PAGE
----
The construction of authority in early Russian crime fiction

In the fourth and final CamCREES seminar of the Michaelmas term, Professor Claire Whitehead of St Andrews University discussed Russian crime fiction from the 19th and early 20th century.  These bibliographical notes for the talk go on to look at holdings of Russian crime fiction, both early and modern, in the University Library.


Front cover of Zapiski sledovatelia by N.P. Timofeev (S236.c.87.1)

Professor Whitehead gave a fascinating talk on the work she is doing for her current project on the poetics of early Russian crime fiction.  She explored several particularly notable features in the Russian genre.  The mystery, for example, is not necessarily in the identification of the criminal (the standard whodunit) – more often than not, the chase is to establish the reason for the crime.  Similarly, early Russian crime writers showed a preference for writing the narrative from the point of view of the investigator: a device often shunned by writers elsewhere because it can make the maintenance of suspense challenging.  In discussing the issue of authority, Professor Whitehead looked at the narrator-investigators in terms of the authority given to them through their identity in society as representatives of the law and the authority they build through their trustworthiness and effectiveness as narrators.

While modern Russian crime fiction is a major phenomenon in Russia today, many of its early antecedents are barely known there now.  Two names in the talk, however, count among Russia’s literary classics – Dostoevskii , whose Prestuplenie i nakazanie (Crime and punishment) is the most obvious early Russian detective novel, and Chekhov, whose stories Shvedskaia spichka (Swedish match) and Drama na okhote (Drama on the hunt) Professor Whitehead also mentioned.

Of the less well known authors Professor Whitehead referred to in her talk, few are currently represented in the University Library’s collections.  The likes of Petr Stepanov and Semen Panov are not to be found, and it seems that current publishers have little appetite for reprinting their work.  Some internet purchases made in the light of the CamCREES seminar, however, will see the Library’s early Russian crime fiction holdings increase to some degree in due course.  Chto pobudilo k ubiistvu? (What prompted murder?) by Aleksandr Shkliarevskii and two more books featuring his work alongside that of similar authors are now on order, as is Ostrog i zhizn’ (Prison and life) by Nikolai Sokolovskii – both writers mentioned by Professor Whitehead.  This page will be updated with their details when the books have arrived and been catalogued.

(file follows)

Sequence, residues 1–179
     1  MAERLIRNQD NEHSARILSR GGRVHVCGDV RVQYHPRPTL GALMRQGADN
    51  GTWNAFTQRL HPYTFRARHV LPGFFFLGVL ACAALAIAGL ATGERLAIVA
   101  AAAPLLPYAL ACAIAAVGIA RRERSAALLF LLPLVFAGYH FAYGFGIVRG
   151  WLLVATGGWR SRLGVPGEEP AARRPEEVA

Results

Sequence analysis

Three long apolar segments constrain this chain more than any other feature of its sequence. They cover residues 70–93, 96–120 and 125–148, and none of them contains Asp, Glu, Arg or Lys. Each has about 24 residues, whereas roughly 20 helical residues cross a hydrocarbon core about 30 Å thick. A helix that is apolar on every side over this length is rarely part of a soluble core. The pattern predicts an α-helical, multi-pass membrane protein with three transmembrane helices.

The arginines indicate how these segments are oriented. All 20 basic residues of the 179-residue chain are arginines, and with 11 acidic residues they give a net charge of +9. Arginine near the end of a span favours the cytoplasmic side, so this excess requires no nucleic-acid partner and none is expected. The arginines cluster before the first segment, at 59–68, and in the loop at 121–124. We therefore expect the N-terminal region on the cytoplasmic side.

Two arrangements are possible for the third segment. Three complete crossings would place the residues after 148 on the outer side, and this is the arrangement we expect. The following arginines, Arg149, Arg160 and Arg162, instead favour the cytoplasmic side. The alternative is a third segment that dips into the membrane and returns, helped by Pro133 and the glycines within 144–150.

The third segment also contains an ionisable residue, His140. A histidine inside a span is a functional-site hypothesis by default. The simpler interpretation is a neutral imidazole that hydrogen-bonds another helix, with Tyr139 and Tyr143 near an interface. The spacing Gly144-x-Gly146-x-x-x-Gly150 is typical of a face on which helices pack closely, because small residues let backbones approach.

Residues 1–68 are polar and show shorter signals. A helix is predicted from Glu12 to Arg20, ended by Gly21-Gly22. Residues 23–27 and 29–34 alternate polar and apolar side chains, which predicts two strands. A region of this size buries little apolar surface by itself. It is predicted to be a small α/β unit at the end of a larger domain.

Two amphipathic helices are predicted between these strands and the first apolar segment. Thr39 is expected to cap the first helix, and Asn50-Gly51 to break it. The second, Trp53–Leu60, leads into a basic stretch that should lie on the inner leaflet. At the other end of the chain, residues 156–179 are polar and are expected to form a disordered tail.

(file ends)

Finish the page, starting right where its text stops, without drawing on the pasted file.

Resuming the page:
As well as Chekhov and Dostoevskii, though, two of the authors from the talk are already represented in the Library.  Nikolai Timofeev’s book Zapiski sledovatelia (Notes of an investigator; S236.c.87.1) is shown in the picture, a slightly dog-earred paperback from 1872.  Readers will note that his name heading in the catalogue record is given as Timofieev, reflecting the Russian orthography of the time; this is standard practice for authors who were published predominantly in that period.  A cross-reference in the index from the modern spelling of his name will be added, via the Library of Congress authority file, in due course.

The other author already to be found in the Library is Andrei Zarin, some of whose detective fiction is contained in the book Ivan Putilin, genii russkogo syska (Ivan Putilin, the genius of Russian investigation; 757:26.d.200.138).  The 2002 book features stories by two writers (four by Zarin and six by a Roman Andropov, who used the pseudonym Roman Dobryi) based on the real-life detective Ivan Putilin.

Modern Russian crime fiction is more evenly represented in the University Library.  The Russian writer probably best known in the English-speaking world is Boris Akunin (Grigorii Chkhartishvili, who publishes under both names), whose main series – featuring the detective Erast Fandorin and set, in fact, in pre-revolutionary Russia – has been translated into English.  A full list of Akunin’s books already in the catalogue can be reached here.  At the time of writing, there are over 40 listed, predominantly in Russian.  Lists of books by Aleksandra Marinina, another hugely popular writer in Russia, can be found here.

The Prokhorov Fund’s Nos (Nose) literary prize is awarded annually.  This year saw the one-off addition of the prize Inspektor Nos (Inspector Nose), for Russian detective fiction published since the end of the Soviet Union.  Given the significance of the genre and the >20-year period covered, we have bought as many of the 33 long-listed titles (which include work by Akunin and Marinina) as possible.  The winning book was Doznavatel’ by Margarita Khemlin (The investigator; C203.d.998).

The CamCREES bibliographical notes aim to link Cambridge library resources with the fortnightly seminars hosted by CamCREES (the Cambridge Committee for Russian and East European Studies) in the Michaelmas and Lent terms of each academic year.  Each set of notes starts by looking at the specifics of a seminar and then goes on to explore related research tips and library issues.  The CamCREES bibliographical notes were introduced in February 2011 on the University Library’s Slavonic webpages, where all earlier notes can be found.

Mel Bach

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